Ware added that while senior local staff members are involved in training, it is not enough to cover the needs of the whole market.
“The job market is quite fluid and predatory,” Ware told OBG. “If you invest in training, many other companies reap the benefits of your investments.” He suggested that PNG could benefit from more options for vocational training. In particular, the government hopes that its chairmanship of APEC in 2018 will allow the country to work with regional partners to explore possibilities for digital technology. Of particular interest is the potential for new technologies to provide inclusive outcomes in areas such as skills development, health care, entrepreneurship and tourism.
Small and Medium-Sized Entrerprises
Investment in vocational training might also help bolster the small and medium-sized enterprise (SME) sector, which is relatively small, with fewer than 50,000 such firms registered as of 2016. To foster growth in the sector, in March 2016 the government launched its SME Policy 2016. Aims include the creation of new job opportunities, the generation of sustainable economic growth outside the resources sector, and more equitable distribution of wealth.
The plan looks to have 500,000 SMEs registered in the country by 2030 – a move that could boost formal employment from 290,000 to 2m and reduce unemployment from 84% to 49% in the same period. The policy also aims to increase SMEs’ contribution to GDP from 10% to 50%, and to raise per capita income from $2000 to $9600. The authorities aim to achieve these goals by establishing strategies for entrepreneurial development, improving the legislative framework, developing transport and communications infrastructure and providing additional funding and support for SMEs looking to enter the market.
The plan will likely reduce unemployment and increase opportunities for locals to work at start-ups within the ICT sector. However, small businesses entering the market may have trouble competing against international, well-established firms that already have a foothold in the country – particularly with regard to high start-up costs and attracting staff.
From a low base 10 years ago, more than a dozen internet service providers (ISPs) have moved into PNG’s market in recent years. Speed tests from Broadband Speedchecker, conducted in August 2018, found that state-run Telikom PNG had the fastest download speeds, reaching up to 10.25 Mbps, against a national average of 4.28 Mbps. Other high performing providers were Digitec PNG Limited, with 3.23 Mbps, Digicel (PNG) with 2.15 Mbps and MYNET ISP with 1.95 Mbps.
Foreign Investment Opportunities
PNG’s relatively low connectivity rates, at least compared to many of its neighbours, combined with planned communications infrastructure investments and the government’s drive to diversify the economy, mean there is significant potential for foreign investors who undertake the necessary due diligence before entering a uniquely challenging emerging market.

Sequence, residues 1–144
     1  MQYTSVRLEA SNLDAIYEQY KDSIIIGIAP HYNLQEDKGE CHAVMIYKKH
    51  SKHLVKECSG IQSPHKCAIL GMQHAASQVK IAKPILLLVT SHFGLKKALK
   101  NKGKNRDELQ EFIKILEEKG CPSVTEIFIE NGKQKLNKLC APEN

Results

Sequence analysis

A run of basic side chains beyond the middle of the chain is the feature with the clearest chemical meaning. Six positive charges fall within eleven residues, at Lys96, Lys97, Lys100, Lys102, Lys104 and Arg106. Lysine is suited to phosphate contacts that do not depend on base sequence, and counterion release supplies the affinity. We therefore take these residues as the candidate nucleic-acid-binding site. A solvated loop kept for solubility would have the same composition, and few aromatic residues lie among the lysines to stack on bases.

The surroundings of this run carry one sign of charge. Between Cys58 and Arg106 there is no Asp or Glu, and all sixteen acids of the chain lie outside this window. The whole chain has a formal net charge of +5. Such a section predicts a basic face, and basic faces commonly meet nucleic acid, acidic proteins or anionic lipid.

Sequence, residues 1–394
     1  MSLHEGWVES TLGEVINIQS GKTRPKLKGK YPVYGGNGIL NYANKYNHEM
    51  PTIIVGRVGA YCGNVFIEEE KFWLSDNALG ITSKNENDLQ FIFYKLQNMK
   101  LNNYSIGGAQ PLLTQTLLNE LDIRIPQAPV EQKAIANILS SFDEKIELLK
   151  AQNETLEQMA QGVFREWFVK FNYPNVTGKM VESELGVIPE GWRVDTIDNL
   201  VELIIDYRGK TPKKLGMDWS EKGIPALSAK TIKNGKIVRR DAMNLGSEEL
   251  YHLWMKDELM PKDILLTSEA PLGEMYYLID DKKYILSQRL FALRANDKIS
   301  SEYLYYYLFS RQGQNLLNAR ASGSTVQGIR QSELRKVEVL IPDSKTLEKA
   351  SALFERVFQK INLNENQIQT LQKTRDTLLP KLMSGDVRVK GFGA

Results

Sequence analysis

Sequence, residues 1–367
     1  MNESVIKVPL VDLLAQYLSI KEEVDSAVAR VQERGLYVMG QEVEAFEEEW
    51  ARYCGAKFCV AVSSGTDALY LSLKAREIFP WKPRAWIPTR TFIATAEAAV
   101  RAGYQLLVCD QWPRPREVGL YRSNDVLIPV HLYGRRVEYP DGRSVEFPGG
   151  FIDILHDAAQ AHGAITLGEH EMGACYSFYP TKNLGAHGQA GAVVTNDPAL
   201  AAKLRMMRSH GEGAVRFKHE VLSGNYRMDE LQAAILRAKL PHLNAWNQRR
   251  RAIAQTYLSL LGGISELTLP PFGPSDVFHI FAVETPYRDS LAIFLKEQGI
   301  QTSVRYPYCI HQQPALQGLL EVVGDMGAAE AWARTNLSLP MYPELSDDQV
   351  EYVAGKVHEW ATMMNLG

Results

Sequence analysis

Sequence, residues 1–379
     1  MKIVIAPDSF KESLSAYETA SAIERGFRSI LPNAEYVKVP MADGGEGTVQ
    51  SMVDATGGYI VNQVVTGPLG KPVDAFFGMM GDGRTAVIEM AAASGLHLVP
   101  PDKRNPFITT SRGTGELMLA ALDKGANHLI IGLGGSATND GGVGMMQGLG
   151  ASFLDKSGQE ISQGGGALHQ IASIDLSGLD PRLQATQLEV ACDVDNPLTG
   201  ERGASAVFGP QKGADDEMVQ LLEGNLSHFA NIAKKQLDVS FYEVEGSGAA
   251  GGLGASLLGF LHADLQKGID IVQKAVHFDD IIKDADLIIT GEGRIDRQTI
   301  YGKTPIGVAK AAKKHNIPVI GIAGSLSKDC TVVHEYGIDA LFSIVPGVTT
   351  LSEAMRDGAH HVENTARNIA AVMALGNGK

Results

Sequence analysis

Most importantly, the planned subsea cable linking with Australia will significantly increase internet speeds and improve reliability, a situation that will make the country a more attractive destination for potential investors in all sectors.
Meanwhile, the centrality of the digital economy in the 2018 APEC agenda should provide much-needed opportunities for the public and private sector to learn how digital innovations are being deployed elsewhere to overcome bottlenecks to growth and leapfrog into new phases of development.
The main APEC Summit will take place in Port Moresby in November, and is expected to attract leaders from some of the world’s most powerful economies and PNG’s leading trade partners. Talks between senior officials will focus on how to achieve the goals laid out under the APEC Internet and Digital Economy Roadmap.
Drafted in 2017, the key pillars of the roadmap include developing digital infrastructure, achieving universal broadband access, and creating government policy frameworks for the internet and digital economy. The primary goals are to harness advancements in ICT to enable more companies, including micro-enterprises and start-ups, to participate in cross-border trade and supply chains, and improve the employment opportunities and productivity of the workforce in the digital economy.
“Digital technologies are of particular importance to developing APEC economies such as Papua New Guinea,” Ivan Pomaleu, chair of APEC Senior Officials, told local media in March 2018. “This is because they offer the potential for rapid technological catch up in the right circumstances.”
As the government will continue injecting competition to a consumer market that has been heavily dominated by one company. This should ultimately be positive for consumers, as service providers will need to become more creative with price plans and product innovations. Meanwhile, the subsea cable linking PNG with Australia should help to overcome the chronic problems of accessibility and affordability of ICT services, at least to some extent One area of concern is the lack of public funds for infrastructure development due to debt financing constraints, although so far the government has proved quite adept at capitalising on competing interests from other regional powers to secure backing for projects. Once infrastructure upgrades improve the operating environment, the onus will be on attracting needed investment in the ICT space to help the economy leapfrog forward in key areas, while also ensuring the workforce is prepared for the digital economy.